4.7.1 Primary Research.....................................................................................................45
4.7.2. Secondary Research................................................................................................46
4.8 Conclusion......................................................................................................................47
Conclusion ...............................................................................................................................48
5.1 Research objective 1: Cultural Convergence or Divergence .........................................50
5.2 Research objective 2: At the top of the pyramid-CEO’S ...............................................51
5.3 Research objective 3: Chief Human Resource Officer ..................................................51
5.4 Research objective 4: Suggestion for managers.............................................................52
5.5 Research objective 5: Answering the research question ................................................53
5.6 Research Objective 6: Experience and maturity counts.................................................53
5.7 Inference.........................................................................................................................54
Recommendations....................................................................................................................55
6.1. Outline of a Cross-Cultural Training Module ...............................................................56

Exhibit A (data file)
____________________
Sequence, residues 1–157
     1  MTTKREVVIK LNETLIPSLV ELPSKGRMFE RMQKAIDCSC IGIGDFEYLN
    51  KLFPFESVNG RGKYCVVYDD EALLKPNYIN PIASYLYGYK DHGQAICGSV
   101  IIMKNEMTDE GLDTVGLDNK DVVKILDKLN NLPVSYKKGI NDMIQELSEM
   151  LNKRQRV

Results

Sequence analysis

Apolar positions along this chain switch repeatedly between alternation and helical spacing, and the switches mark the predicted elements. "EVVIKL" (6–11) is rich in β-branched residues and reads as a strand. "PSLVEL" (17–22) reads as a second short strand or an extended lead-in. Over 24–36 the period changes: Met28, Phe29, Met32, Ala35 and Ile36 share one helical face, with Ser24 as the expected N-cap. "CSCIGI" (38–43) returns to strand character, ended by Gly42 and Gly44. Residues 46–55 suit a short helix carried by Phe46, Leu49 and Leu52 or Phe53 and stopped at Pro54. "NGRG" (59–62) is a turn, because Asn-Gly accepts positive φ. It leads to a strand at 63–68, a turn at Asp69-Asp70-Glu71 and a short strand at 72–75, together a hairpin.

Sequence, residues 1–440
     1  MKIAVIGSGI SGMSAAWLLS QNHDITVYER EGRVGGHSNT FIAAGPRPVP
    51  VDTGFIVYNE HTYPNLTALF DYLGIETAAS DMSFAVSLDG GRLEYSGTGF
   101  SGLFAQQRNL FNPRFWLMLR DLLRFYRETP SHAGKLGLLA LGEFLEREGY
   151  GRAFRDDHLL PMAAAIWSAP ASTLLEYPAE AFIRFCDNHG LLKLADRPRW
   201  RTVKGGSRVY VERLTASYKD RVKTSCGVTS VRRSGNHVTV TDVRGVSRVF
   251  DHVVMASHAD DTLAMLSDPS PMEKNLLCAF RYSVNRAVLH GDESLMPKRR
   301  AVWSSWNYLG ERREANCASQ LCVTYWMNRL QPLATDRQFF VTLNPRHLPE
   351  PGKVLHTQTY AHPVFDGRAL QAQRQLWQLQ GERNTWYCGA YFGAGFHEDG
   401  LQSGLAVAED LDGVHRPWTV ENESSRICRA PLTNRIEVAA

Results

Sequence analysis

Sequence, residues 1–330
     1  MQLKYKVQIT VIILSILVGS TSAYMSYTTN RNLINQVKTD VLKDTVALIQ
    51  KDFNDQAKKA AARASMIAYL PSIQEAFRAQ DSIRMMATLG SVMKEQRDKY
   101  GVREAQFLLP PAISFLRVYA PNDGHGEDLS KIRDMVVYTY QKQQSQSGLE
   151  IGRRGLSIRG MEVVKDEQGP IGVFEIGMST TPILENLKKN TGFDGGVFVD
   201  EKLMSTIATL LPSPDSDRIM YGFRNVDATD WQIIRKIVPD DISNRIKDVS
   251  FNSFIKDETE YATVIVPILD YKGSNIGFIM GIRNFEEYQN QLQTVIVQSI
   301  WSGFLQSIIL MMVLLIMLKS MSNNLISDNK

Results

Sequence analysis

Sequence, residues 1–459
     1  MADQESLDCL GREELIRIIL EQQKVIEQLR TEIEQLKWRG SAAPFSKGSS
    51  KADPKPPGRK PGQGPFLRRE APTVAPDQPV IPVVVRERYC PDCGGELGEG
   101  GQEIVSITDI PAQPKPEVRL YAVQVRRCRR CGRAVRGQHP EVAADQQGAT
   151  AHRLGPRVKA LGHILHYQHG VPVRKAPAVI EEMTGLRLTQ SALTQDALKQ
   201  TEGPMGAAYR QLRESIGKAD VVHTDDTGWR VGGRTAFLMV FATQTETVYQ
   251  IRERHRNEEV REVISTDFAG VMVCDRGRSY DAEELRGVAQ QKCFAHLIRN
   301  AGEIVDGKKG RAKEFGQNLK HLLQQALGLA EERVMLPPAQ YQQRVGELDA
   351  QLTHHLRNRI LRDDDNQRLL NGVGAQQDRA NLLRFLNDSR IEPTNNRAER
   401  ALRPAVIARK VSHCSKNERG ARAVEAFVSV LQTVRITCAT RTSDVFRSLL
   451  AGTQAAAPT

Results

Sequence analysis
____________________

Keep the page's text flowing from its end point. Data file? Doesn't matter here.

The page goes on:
Limitations of the Research .....................................................................................................58
7.1 Theoretical limitations....................................................................................................59
7.2 Sample limitations..........................................................................................................59
7.3 Counter effects of creating a ‘Culture Training’ Module ..............................................59
7.4 Inference.........................................................................................................................60
Appendix..................................................................................................................................61
8.1 Reflection on Learning...................................................................................................62
8.1.1. Introduction ............................................................................................................62
8.1.2. Learning styles........................................................................................................62
8.1.3. Action Research......................................................................................................63
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8.1.4. Self-Appraisal .........................................................................................................63
8.1.5. Problem Solving .....................................................................................................64
8.1.6. Summary of added values ..........................................................................................65
8.1.7. Plan to apply sustain the learning...............................................................................65